Beliefs about medicines in patients with rheumatoid arthritis and systemic lupus erythematosus: a comparison between patients of South Asian and White British origin.
Kumar K., Gordon C., Toescu V., Buckley CD., Horne R., Nightingale PG., Raza K.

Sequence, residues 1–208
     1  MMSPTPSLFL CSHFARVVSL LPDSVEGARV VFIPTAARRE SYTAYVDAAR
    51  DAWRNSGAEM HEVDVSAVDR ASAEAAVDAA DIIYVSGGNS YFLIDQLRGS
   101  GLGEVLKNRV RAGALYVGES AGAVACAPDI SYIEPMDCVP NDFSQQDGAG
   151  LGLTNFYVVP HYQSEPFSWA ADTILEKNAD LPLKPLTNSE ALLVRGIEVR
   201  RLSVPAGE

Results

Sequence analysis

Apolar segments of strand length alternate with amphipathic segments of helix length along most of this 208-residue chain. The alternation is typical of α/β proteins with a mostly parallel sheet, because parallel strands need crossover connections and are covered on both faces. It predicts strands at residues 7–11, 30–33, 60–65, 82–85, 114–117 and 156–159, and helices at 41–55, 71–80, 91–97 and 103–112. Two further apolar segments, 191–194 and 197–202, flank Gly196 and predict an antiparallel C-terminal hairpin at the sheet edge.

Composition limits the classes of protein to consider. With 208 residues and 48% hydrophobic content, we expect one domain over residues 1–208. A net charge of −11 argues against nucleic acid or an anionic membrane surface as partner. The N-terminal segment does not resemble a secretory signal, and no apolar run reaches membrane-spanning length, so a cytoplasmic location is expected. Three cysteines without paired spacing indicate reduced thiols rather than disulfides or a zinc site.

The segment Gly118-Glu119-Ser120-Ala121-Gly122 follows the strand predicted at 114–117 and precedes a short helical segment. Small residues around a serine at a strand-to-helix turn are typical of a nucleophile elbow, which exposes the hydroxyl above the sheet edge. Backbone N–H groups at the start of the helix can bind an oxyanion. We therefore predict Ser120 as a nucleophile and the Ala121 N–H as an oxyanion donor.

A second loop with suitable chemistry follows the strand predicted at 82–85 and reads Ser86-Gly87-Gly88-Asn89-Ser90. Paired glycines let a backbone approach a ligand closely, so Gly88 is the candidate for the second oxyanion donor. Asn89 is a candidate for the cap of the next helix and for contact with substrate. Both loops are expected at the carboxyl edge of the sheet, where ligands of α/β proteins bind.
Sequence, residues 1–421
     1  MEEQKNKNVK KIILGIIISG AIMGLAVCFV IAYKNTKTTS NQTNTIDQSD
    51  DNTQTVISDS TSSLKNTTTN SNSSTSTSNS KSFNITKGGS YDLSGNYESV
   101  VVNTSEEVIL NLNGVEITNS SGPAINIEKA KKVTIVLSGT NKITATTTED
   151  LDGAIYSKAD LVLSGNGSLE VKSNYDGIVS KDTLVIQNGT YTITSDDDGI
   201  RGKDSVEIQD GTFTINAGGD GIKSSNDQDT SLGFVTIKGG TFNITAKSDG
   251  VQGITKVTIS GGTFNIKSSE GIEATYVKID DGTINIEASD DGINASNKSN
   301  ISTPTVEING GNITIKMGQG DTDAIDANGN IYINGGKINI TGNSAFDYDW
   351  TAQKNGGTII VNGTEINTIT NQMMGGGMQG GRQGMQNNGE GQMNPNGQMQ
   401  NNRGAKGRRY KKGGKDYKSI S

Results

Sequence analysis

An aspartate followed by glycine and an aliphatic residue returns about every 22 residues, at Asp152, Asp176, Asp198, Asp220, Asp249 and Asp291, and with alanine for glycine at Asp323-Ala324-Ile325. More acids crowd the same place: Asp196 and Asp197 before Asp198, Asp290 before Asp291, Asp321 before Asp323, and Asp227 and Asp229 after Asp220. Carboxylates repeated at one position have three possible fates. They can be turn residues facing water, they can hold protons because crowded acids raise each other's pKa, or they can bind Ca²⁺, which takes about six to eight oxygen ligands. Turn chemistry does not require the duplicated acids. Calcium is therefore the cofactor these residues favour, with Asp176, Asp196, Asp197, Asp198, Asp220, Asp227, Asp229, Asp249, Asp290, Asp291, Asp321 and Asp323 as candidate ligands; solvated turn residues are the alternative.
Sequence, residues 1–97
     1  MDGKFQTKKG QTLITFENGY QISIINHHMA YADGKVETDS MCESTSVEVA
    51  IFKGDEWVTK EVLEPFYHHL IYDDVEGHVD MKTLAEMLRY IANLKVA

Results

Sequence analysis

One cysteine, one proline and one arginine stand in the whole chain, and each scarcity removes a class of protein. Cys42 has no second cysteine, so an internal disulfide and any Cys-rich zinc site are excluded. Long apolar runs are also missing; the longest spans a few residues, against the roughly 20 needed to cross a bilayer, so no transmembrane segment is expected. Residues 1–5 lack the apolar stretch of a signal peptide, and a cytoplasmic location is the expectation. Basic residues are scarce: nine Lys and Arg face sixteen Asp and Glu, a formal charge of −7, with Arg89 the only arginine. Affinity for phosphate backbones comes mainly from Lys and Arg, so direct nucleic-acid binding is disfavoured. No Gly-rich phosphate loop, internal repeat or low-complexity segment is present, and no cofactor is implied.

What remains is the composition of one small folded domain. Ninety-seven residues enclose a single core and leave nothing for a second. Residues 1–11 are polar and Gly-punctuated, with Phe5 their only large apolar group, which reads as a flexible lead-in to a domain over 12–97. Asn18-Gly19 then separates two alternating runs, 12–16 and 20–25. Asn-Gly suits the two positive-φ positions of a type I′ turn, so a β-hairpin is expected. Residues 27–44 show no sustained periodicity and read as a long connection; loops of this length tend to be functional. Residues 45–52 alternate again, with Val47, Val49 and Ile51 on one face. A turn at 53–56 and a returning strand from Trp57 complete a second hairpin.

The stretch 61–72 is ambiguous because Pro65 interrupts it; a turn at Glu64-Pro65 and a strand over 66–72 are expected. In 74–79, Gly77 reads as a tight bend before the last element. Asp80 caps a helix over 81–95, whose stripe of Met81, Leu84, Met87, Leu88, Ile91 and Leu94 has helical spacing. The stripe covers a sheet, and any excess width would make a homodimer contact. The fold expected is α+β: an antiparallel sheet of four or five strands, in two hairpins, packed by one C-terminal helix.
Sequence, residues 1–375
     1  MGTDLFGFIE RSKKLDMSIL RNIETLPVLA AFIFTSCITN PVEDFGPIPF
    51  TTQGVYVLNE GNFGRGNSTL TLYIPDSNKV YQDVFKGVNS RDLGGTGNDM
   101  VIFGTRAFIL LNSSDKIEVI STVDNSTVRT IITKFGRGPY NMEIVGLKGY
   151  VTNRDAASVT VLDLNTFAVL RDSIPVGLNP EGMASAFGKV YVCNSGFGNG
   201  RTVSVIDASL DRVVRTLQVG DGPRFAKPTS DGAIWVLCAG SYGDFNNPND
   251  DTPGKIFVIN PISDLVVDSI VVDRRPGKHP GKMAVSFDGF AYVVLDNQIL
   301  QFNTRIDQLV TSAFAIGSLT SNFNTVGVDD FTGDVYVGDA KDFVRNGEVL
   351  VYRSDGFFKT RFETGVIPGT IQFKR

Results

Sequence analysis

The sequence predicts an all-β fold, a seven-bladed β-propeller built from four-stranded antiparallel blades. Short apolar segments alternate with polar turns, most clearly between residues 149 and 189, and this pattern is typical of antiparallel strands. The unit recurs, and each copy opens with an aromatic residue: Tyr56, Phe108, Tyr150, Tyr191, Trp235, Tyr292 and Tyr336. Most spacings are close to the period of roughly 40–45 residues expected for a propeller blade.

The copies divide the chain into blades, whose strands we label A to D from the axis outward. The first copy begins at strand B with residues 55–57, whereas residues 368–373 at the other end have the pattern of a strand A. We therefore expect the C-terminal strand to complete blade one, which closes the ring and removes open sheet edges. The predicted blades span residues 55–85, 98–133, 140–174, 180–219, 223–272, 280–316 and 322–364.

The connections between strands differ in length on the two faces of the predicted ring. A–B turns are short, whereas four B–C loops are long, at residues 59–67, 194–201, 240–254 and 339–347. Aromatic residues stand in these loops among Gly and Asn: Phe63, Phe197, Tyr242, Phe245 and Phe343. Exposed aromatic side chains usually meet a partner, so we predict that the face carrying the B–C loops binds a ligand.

OBJECTIVE: To assess whether patients with RA and SLE who are of South Asian origin have different beliefs about medicines in general, and about DMARDs in particular, compared with patients of White British/Irish origin. METHODS: One hundred patients of South Asian origin (50 RA; 50 SLE) and 100 patients of White British/Irish origin (50 RA; 50 SLE) were recruited. Demographic and disease-related details and responses to the Beliefs about Medicines Questionnaire (BMQ), the SF-36 and the HAQ were collected. RESULTS: Patients of South Asian origin had significantly higher General Overuse (GO), General Harm (GH) and Specific Concern (SC) scores compared with patients of White British/Irish origin. Forward stepwise multivariable regression analysis showed that ethnic origin was an independent predictor of the GO, GH and SC scores with patients of South Asian origin having higher scores in these three scales of the BMQ. CONCLUSION: RA and SLE patients of South Asian origin have very high levels of concern about DMARDs and are generally worried about prescribed medicines. This may have an impact on adherence in this group of patients and further work is needed to understand the reasons underlying these beliefs.